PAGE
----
Discovering the rules of complementary base pairing, Erwin Chargaff
Interviewee: Erwin Chargaff. Erwin Chargaff talks about his discovery - a major step for building the DNA model. (DNAi Location: Code > Finding the structure > Players > Erwin Chargaff > Chargaff's ratio)
We found, as I say, that there were constant quantities of each of the nucleotides in a given DNA, that is if we isolated from three different sperm preparations, human DNA, hydrolyzed these separately and determined quantitatively the content in the various nucleotides or, or bases, they would be constant for the species but different for different species. So that for instance we could find the 27 percent adenine, that means also 27 percent thymine, and in the other one we could find 52 percent adenine and 52 percent thymine. So that a compound, these quantitative results were constant for the species but different from each other. So this was something which was completely unusual, unknown in biology, I would say, that these thousands of protein analyses and I don't think one can find a single one in which certain amino acids and identical characteristic amounts that this is repeatable amounts so that this was definitely unique for me at least.
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Erwin Chargaff found that in DNA, the ratios of adenine (A) to thymine (T) and guanine (G) to cytosine (C) are equal. This parity is obvious in the final DNA structure.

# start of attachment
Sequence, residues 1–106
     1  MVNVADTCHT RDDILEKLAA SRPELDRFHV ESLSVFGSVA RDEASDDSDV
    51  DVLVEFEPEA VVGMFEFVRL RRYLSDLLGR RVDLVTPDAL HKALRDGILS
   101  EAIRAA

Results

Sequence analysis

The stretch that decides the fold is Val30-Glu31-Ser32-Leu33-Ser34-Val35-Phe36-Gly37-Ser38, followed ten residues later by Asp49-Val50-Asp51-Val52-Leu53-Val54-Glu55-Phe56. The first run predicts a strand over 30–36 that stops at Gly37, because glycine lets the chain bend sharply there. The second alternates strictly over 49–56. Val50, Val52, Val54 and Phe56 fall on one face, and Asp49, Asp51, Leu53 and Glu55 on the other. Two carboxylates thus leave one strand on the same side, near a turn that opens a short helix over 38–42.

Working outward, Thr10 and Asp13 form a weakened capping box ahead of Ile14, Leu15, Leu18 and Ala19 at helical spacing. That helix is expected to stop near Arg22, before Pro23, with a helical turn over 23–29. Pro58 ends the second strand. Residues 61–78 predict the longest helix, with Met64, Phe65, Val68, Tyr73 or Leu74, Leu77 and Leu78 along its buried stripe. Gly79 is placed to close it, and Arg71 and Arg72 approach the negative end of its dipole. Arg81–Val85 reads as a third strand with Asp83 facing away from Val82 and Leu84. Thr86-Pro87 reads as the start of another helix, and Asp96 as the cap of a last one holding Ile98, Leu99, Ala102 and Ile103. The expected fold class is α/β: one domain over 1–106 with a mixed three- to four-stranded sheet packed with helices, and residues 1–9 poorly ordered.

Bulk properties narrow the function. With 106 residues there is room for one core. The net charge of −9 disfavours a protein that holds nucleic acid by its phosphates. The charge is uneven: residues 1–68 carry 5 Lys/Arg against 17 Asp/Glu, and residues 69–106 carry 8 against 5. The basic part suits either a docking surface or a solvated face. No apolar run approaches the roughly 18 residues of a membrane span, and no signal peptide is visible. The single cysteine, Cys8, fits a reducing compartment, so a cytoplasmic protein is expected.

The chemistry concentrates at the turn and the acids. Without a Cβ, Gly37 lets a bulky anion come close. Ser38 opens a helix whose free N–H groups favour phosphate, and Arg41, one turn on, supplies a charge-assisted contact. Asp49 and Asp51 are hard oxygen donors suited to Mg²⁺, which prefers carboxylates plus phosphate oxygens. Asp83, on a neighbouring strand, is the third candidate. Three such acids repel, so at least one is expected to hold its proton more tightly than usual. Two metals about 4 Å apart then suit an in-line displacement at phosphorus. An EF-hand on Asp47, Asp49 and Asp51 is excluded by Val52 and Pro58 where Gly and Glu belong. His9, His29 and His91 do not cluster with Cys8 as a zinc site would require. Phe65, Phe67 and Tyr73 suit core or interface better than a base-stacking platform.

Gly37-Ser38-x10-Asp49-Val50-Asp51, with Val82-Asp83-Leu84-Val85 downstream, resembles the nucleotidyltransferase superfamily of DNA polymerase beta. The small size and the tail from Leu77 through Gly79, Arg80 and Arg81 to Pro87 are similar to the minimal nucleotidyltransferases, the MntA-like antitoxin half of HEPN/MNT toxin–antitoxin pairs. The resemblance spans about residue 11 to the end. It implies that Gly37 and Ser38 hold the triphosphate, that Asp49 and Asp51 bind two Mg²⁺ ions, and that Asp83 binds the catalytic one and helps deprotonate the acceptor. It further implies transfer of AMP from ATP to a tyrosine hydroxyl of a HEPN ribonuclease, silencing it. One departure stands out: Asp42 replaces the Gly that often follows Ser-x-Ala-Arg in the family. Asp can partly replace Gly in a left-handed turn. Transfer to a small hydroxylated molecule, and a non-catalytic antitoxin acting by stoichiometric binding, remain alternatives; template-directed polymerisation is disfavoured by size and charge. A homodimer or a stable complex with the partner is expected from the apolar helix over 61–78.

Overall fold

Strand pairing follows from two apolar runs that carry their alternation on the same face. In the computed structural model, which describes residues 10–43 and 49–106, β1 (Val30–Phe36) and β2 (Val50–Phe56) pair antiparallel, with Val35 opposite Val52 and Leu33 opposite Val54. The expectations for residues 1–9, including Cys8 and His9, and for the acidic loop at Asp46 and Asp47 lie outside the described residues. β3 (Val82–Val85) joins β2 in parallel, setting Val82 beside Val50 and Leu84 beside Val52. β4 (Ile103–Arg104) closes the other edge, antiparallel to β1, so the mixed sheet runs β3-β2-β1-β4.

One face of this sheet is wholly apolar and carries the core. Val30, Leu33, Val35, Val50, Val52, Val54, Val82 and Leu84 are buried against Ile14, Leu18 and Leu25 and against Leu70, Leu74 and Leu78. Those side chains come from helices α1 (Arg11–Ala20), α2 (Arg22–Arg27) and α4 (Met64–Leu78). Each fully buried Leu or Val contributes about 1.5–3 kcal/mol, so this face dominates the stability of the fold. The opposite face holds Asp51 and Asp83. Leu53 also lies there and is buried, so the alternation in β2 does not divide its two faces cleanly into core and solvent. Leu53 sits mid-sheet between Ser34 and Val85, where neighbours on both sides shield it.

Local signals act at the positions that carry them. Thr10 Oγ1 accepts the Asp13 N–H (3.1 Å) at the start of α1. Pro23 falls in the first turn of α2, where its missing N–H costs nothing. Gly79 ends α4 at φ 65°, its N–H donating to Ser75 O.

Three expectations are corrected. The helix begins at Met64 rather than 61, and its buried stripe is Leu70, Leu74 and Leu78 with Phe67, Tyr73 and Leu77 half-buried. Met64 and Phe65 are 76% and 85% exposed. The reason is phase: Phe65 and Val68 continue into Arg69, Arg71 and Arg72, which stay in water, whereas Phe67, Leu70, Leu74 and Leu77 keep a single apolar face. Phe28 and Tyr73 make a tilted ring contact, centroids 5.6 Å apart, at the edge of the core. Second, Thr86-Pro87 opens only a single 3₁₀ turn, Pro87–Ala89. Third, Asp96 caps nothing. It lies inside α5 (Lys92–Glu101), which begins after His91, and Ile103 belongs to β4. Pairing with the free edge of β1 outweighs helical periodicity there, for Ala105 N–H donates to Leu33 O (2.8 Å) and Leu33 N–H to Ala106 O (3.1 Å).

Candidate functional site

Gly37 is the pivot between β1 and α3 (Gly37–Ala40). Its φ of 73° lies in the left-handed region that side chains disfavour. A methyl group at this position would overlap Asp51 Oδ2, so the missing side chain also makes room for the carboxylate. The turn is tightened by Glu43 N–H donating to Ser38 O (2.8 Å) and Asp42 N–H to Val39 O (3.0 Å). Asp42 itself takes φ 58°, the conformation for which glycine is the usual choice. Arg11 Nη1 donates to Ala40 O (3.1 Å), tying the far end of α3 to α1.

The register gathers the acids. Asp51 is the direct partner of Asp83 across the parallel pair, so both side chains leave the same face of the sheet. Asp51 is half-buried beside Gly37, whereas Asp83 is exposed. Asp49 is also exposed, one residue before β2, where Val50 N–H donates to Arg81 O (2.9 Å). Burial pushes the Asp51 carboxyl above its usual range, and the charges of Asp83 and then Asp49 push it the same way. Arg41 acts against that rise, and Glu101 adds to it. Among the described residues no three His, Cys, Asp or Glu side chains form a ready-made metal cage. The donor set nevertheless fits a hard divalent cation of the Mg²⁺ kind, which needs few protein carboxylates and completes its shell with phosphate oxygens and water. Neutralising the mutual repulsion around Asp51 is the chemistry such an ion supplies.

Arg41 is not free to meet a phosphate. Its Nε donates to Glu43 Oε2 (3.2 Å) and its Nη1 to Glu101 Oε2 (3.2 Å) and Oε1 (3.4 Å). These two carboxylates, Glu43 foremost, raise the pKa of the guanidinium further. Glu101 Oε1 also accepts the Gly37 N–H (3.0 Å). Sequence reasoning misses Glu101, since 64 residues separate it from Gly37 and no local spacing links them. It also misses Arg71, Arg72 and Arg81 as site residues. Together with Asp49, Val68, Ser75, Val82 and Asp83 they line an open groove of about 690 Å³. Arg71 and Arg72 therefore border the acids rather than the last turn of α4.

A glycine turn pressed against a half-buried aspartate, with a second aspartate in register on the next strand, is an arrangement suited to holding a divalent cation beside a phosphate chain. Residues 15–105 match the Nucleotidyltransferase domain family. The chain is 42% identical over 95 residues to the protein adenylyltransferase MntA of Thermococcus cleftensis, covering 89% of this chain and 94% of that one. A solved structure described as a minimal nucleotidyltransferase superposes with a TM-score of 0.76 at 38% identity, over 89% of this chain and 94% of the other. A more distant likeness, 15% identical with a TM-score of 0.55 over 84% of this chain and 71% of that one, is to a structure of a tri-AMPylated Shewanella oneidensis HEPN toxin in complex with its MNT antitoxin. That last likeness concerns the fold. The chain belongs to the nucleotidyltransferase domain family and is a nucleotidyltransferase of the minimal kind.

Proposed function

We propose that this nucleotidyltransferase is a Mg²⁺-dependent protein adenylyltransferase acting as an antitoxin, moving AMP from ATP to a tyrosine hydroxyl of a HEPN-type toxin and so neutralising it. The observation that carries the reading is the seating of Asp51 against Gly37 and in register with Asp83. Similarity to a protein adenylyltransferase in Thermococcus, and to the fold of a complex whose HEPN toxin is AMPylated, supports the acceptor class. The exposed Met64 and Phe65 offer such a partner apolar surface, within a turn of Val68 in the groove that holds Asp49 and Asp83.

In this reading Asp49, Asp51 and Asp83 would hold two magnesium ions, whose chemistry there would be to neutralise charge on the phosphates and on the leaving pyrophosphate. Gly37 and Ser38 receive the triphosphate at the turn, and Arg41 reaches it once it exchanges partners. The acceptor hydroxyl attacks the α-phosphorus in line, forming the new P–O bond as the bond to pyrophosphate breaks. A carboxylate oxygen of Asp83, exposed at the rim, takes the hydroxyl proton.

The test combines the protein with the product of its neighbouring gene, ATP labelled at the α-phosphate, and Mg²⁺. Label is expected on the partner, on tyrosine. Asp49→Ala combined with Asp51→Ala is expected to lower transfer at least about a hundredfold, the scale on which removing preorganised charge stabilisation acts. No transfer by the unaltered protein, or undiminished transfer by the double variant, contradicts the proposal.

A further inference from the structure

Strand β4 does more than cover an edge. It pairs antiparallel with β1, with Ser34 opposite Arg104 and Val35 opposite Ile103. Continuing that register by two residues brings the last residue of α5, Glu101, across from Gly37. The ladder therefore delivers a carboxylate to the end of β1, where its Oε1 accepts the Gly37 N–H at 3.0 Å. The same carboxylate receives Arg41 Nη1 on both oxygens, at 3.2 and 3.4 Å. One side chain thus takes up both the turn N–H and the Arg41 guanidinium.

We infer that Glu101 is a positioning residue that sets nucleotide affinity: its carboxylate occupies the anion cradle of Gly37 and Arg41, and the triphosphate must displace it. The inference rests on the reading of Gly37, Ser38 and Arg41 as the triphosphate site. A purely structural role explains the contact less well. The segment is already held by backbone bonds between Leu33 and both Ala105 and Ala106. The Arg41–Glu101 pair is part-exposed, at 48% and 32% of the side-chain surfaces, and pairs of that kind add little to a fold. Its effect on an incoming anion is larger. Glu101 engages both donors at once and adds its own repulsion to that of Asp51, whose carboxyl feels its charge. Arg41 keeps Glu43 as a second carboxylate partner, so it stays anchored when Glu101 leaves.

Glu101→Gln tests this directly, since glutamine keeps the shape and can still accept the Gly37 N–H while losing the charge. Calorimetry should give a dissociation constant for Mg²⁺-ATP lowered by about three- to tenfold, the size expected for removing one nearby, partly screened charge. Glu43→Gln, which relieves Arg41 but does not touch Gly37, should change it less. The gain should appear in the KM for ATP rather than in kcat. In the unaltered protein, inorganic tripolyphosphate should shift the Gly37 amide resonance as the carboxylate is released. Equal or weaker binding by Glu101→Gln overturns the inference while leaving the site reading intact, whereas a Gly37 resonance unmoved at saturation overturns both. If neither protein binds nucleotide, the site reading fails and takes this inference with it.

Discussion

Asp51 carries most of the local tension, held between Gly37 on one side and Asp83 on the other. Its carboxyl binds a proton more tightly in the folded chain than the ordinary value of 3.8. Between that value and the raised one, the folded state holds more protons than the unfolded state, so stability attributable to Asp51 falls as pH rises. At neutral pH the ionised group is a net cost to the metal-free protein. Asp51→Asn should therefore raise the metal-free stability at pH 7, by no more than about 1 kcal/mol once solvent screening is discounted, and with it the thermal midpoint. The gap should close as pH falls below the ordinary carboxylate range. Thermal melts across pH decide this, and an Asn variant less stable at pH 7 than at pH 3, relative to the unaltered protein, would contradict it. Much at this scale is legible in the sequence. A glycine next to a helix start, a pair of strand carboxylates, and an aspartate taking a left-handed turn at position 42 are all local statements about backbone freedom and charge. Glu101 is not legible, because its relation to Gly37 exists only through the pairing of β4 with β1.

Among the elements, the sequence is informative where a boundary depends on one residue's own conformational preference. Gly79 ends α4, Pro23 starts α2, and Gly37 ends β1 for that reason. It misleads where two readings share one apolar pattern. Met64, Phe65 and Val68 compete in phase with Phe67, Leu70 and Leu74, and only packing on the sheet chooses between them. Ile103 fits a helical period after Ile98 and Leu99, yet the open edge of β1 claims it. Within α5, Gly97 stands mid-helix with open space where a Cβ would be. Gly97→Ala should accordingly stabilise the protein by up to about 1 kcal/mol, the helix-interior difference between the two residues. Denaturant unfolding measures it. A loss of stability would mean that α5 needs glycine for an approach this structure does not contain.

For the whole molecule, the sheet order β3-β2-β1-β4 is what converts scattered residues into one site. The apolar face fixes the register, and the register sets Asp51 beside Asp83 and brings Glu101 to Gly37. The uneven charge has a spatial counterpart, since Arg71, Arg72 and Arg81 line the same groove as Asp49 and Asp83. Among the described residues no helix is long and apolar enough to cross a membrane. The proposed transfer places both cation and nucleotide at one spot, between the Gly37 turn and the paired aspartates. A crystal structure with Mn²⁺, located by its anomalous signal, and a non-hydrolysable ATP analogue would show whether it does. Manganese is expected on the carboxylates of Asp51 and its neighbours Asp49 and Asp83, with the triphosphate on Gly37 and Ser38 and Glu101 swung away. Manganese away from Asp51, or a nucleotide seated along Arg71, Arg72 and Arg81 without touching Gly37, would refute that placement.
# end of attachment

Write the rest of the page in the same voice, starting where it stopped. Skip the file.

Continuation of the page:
Erwin Chargaff talks about his name for Chargaff's ratios.
Because it contains the directions for assembling the components of the cell, DNA is often thought of as the "instruction book" for assembling life.
What happens in protein synthesis?
Fred Sanger outlines DNA sequencing.
James Watson and Francis Crick explain how they solved the structure of DNA. Erwin Chargaff explain how he measured the levels of each of the four nitrogenous bases.
James Watson talks about how he worked out the base pairing of DNA.
George Gamow was a physicist who became interested in biology after reading Watson and Crick's 1953 paper on DNA structure. Marshall Nirenberg talks about Gamow's theories on the code.
DNA has four "letters" that must specify the 20 different amino acids that make up proteins. Combinatorially, using three DNA letters for one amino acid makes the most sense.
Synthesizing human insulin using recombinant DNA, 3D animation with no audio